These are SIMPLE things to observe - but they require you to have travelled and been curious enough to look at the sky when you go to distant places.   From what I can tell, FE believers do not travel far - and by far the majority (perhaps all of them) live in the Northern hemisphere - where their chosen map is less far from reality than in the South.

If they were honest with themselves - opened their eyes - and travelled far enough - the evidence would be there for them to see.

Instead, they'll simply accuse RE'ers of faking evidence, "photoshopping" pictures, etc, etc.

So we're left with evidence that can be extracted by other means.

#### lonecanislupus

• 6
##### Re: Solar Irradiance
« Reply #5 on: August 09, 2017, 08:25:50 PM »
I find that the simplest arguments are the best.
For getting FE'ers to reconsider their positions?

Quote
Instead, they'll simply accuse RE'ers of faking evidence, "photoshopping" pictures, etc, etc.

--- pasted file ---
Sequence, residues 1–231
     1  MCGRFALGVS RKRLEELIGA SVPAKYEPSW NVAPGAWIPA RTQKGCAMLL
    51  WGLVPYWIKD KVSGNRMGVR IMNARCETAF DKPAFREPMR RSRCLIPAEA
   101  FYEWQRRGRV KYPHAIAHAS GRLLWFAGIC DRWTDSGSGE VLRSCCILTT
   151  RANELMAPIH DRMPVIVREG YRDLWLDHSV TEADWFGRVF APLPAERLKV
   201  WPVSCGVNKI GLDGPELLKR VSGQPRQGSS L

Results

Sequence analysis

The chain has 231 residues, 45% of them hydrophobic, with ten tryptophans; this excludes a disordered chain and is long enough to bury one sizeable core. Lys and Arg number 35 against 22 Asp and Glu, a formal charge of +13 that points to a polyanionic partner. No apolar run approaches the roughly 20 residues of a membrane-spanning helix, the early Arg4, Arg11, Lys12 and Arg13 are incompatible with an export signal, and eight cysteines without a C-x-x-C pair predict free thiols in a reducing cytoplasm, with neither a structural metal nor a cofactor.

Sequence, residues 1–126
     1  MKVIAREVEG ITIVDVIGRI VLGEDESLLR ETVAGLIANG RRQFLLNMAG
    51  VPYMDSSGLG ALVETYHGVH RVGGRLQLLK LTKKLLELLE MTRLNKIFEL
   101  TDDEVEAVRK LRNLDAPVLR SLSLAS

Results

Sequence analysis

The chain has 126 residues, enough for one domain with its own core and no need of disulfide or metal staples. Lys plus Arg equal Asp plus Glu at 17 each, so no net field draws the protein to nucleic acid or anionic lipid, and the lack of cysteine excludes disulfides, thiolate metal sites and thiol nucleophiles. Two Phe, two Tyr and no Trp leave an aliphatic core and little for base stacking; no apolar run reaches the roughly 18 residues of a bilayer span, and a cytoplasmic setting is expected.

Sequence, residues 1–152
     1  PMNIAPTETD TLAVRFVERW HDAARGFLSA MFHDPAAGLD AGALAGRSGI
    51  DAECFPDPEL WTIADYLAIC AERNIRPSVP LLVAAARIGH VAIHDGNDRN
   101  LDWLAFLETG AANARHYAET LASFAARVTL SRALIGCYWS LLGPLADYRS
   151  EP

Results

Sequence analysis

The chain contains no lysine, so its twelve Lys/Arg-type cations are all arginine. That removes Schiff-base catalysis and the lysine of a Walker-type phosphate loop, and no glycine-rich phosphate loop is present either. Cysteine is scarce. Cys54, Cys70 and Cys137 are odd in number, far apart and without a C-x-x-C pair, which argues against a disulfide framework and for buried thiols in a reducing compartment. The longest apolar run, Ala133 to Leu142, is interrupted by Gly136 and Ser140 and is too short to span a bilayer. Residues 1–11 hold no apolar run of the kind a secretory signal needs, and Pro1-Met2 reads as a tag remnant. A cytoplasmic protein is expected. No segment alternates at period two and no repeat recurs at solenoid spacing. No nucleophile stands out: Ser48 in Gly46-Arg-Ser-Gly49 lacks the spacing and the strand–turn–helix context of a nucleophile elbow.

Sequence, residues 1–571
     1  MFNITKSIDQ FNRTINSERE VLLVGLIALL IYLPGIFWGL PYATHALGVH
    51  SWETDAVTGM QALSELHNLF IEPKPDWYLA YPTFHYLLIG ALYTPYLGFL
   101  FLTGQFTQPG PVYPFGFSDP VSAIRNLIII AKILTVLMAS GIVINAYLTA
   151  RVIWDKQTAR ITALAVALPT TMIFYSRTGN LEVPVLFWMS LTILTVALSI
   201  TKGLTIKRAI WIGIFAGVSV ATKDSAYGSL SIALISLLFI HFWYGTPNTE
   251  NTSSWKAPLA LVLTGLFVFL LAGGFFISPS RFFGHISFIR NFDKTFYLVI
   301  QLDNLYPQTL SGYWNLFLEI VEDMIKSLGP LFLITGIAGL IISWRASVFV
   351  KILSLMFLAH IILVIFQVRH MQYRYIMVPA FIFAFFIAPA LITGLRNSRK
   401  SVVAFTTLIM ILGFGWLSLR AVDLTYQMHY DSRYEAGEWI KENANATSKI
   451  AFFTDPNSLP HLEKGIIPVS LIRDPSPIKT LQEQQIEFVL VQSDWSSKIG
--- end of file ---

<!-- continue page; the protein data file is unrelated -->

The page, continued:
So we're left with evidence that can be extracted by other means.
Which is why I like more abstract phenomenon like this example of blackbody radiation. Science isn't just about what we can personally observe. There's also phenomenon that we need technology to quantify.

The first FE'er I encountered was on Facebook and the argument that ended up being effective was about radio communication. It didn't necessarily change his mind but he admitted he didn't know how to answer it and the conversation ended there. My question was why it wasn't possible to have a conversation with anyone at anytime on a flat Earth by simply going to a tall place with a HAM? Why do tricks like relays or bouncing off the ionosphere at ideal times have to be used on a flat Earth?